‘Country Chainsaw Carvers’ get married in Legion Park

ARLINGTON — It was a whirlwind weekend for Debbie Tremko, and she wouldn’t have had it any other way.

Before Aug. 12, she was still Debbie Anderson, and she was not only planning the return to downtown Arlington of the “Country Chainsaw Carvers” event that she’d started last year, but she was also preparing for a visit from film crews for the Discovery Channel who were going to tape video segments of her fellow chainsaw carvers at her now-annual event.

On Aug. 12, not only did she have to coordinate the first day of that Friday and Saturday’s “Country Chainsaw Carvers” event with the visiting Discovery Channel crews in the city of Arlington parking lot on Olympic Avenue, but she also got married to fellow chainsaw carver Dave Tremko, in front of a festival of cameras and under a gauntlet of raised chainsaws.

“I didn’t really plan any of this,” said Debbie, who was friends with Dave for nearly a year before he proposed to her. “At first it was just going to be a small wedding, but about three weeks ago we decided that we needed to invite all our chainsaw carver friends. It all came together so fast that I can’t help but feel like God blessed everything here today.”

Debbie and Dave met through their mutual interest in chainsaw carving, but their friendship was strictly platonic until Debbie’s previous husband contacted her, while she and Dave were at a chainsaw carving event in Pennsylvania, to tell her that he was getting a divorce.

“She chucked her ring out the window of a moving car and before it had even hit the ground I’d asked her to marry me,” said Dave, who got a set of matching chainsaw wedding rings from Benchmark for himself and Debbie. “At first she thought I was kidding, but after a couple of months of emails, she said, ‘Well, you’d better come down, then.’”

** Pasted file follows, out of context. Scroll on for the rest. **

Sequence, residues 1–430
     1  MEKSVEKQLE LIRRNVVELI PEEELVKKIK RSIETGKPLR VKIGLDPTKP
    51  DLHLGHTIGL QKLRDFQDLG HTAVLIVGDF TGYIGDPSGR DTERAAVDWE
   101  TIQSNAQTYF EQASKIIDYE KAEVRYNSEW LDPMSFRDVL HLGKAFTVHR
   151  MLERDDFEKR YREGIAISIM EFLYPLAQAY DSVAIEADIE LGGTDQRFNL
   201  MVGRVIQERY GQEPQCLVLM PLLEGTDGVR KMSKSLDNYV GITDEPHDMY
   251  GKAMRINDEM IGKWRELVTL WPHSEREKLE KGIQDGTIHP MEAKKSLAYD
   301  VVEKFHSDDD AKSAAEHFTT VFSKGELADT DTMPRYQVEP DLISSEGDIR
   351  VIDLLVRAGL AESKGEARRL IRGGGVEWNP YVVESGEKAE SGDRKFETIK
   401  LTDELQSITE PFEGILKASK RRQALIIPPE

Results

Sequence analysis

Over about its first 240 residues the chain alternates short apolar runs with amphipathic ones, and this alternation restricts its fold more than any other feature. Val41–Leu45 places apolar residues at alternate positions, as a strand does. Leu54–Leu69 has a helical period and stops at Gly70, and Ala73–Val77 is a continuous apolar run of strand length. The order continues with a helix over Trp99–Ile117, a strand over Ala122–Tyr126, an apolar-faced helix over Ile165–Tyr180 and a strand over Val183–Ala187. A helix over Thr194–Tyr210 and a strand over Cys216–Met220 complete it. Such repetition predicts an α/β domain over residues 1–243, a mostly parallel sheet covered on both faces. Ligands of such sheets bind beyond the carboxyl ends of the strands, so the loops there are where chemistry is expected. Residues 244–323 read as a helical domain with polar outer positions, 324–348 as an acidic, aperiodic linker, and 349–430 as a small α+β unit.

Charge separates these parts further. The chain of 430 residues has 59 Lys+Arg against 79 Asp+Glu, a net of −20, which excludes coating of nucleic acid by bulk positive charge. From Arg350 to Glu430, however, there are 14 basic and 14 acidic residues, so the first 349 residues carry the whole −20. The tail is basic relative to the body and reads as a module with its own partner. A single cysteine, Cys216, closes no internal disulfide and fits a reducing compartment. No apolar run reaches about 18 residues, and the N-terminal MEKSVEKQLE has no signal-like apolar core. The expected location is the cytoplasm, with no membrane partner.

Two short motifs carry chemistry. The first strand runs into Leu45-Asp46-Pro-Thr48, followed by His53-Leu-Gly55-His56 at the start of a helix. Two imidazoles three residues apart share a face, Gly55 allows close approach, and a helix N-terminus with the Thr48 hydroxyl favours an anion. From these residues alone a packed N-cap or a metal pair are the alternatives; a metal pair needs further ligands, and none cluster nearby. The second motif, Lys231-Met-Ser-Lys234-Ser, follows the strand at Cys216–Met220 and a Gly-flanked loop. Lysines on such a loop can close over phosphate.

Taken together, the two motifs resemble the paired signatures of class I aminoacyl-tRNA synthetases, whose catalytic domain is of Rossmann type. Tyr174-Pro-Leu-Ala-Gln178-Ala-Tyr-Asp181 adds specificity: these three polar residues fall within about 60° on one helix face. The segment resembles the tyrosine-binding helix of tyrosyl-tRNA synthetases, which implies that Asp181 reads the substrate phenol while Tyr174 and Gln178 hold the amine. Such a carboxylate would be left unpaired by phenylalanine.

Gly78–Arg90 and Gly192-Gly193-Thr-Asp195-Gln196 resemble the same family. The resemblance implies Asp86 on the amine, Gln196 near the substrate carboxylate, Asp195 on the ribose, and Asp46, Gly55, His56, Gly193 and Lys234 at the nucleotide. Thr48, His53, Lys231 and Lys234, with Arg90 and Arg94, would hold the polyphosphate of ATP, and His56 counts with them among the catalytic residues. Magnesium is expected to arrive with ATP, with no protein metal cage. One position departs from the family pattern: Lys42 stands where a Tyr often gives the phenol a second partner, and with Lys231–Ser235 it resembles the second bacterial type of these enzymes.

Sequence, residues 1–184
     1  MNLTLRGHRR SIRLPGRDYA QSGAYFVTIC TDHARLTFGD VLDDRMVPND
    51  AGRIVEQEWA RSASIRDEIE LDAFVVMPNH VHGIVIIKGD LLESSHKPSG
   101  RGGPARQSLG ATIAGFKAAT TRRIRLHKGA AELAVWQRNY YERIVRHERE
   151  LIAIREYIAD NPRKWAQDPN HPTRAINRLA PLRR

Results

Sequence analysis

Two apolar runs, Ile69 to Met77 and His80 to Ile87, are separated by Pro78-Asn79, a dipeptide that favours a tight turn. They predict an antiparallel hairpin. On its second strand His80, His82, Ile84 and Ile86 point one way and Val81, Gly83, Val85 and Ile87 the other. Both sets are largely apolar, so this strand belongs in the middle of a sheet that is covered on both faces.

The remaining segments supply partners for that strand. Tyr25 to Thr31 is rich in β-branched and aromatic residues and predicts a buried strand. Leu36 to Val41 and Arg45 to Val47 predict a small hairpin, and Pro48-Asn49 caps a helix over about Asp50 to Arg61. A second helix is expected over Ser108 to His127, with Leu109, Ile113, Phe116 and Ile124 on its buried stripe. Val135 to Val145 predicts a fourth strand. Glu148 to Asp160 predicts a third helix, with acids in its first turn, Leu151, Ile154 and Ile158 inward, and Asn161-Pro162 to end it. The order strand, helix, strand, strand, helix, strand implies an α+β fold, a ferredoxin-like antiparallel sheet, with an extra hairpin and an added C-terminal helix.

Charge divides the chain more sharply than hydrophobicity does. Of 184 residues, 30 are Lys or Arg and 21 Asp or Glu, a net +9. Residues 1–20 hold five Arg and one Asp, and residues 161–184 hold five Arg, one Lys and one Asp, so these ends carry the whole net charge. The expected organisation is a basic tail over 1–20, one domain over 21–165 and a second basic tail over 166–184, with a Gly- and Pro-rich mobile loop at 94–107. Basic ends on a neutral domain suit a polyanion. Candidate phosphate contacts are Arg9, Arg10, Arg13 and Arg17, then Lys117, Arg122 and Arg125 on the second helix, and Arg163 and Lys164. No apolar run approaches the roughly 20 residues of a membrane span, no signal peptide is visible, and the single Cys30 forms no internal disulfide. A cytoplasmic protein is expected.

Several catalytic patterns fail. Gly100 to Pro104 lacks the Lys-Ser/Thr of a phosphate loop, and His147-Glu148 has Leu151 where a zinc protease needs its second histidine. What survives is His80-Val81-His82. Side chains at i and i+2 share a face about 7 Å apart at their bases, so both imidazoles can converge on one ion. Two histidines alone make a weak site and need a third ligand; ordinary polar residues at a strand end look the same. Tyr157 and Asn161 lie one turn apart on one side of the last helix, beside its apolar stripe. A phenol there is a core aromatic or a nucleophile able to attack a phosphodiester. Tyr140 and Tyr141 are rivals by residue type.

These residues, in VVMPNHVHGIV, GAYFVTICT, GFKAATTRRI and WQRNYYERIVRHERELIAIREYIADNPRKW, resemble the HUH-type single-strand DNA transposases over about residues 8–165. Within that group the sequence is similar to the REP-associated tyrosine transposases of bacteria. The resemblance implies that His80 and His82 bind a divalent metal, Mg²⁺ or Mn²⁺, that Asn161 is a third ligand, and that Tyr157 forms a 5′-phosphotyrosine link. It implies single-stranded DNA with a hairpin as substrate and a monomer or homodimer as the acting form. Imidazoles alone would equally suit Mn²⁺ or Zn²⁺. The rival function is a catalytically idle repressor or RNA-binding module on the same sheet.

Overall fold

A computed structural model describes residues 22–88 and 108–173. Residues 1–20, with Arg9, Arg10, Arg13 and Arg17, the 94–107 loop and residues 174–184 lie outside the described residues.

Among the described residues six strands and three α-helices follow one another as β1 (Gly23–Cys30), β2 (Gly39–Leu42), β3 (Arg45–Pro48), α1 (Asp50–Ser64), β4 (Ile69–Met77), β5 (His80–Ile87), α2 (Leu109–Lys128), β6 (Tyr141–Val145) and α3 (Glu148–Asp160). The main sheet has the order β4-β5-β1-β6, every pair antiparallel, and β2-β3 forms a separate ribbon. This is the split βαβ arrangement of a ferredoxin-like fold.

Although he’s lived in Alaska for the past several years, Dave grew up in Washington state and was ready to return. He and Debbie both consider their fellow chainsaw carvers an extended family, to the point that Debbie was given away as a bride by chainsaw carver Steve Backus, and the newlyweds exited the Legion Park gazebo, where they exchanged their vows, under two rows of raised and running chainsaws. The bride and groom even took turns cutting a wooden “wedding cake” with their own chainsaws.

“One of our wedding presents is five 10-foot cedar logs, and we can’t wait to use them,” Debbie said. “When I came up with the idea for the chainsaw salute, I had no idea how emotional I would get. These guys are my brothers and I respect them, so walking down that aisle was what made me lose it. I felt like a princess.”

“Walking under 30 zinging saws was pretty hot,” Dave laughed, his tie-dye wedding tank top matching Debbie’s tie-dye dress. The tie-dye colors are a tribute to the “Wolf Pack,” Dave and Debbie’s group of chainsaw carvers, some of whom came from as far away as Georgia to wish the couple well. “That sea of tie-dye is our way of getting each other’s art out there. Everyone in this craft learns from everyone else. We might only see each other six or 10 times a year, but we’re in constant contact on the Internet.”

Dave praised Debbie as a natural carver who fit in with the group right away. The Tremkos will be carving together from now on at their new studio, just north of the Arlington Dwayne Lane dealership on State Route 9. The Discovery Channel’s nine-part “Saw Dogs” TV series, for which the segments in Arlington were taped, isn’t set to air until next year.


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